Grants bolster Sinnissippi Centers’ treatment for behavioral health in Sauk Valley

STERLING – Sinnissippi Centers will be receiving $4 million in federal funding across the next 2 years to expand care services.

The agency was awarded funds under the Substance Abuse and Mental Health Services Administration’s FY 2021 Certified Community Behavioral Health Clinic Expansion Grant program, and Gov. JB Pritzker signed legislation earlier this month to pilot a new model for behavioral health care providers.

“For people with serious mental illness, the CCBHC model more closely integrates primary care with behavioral health,” Sinnissippi President/CEO Patrick Phelan said. “By addressing primary care needs, we are able to identify physical issues sooner and help them link to our medical providers and get treatment.”

Under that model, providers are allowed to use funding to provide care to individuals who don’t have any health care coverage.

“Sinnissippi Centers’ CCBHC project will provide enhanced services to adults, children and families with a serious mental illness, serious emotional disturbance, substance use disorder and/or those with co-occurring disorders,” Phelan said. “The project will provide enhanced and increased psychiatric services, peer support, crisis intervention, care coordination, evidence-based treatments, and intensive team-based interventions to rural communities in Northwest Illinois.”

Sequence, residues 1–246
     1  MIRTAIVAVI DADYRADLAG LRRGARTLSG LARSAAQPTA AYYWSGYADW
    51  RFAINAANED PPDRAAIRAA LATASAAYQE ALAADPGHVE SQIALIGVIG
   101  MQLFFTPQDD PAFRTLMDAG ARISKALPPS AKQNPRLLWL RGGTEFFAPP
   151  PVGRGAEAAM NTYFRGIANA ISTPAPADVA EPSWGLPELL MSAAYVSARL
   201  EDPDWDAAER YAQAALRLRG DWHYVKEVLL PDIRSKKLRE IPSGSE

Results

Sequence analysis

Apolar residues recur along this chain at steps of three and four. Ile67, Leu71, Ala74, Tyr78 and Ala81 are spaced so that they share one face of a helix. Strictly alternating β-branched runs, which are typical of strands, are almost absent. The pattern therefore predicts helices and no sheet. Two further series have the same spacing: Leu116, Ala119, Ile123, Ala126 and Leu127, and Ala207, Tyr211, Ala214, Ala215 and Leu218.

Phelan said the legislation provides a framework to begin planning the new model, and the funding provides the vital support needed to build it.

“The signing of the state legislation and the award of federal grant funds positions Sinnissippi Centers in an ideal place to be on the cutting edge of this new model of service provision for behavioral health,” he said.

The Excellence in Mental Health Act established federal guidelines that defines the clinics. The project provides comprehensive outpatient mental health care to any individuals who need the services, regardless of income.

The services CCBHCs must provide for those with mental health and addiction needs include access to emergency care 24/7, instant risk assessment and screening, treatment planning, case management, family and peer support, specialized care for veterans and active-duty military, and prompt, easy access to care.

As part of the project, Sinnissippi will be hiring several more positions in order to support this model, including several nursing positions.

Jennifer Thomason, senior director of outpatient services, has been named the project manager. Thomason joined Sinnissippi Centers in 2007 and has served as a clinician, manager of residential services, and director of adult services.

Sinnissippi Centers is a community-based behavioral healthcare center that has provided care to residents of Carroll, Lee, Ogle and Whiteside Counties since 1966.

Rachel Rodgers

Rachel Rodgers joined Sauk Valley Media in 2016 covering local government in Dixon and Lee County.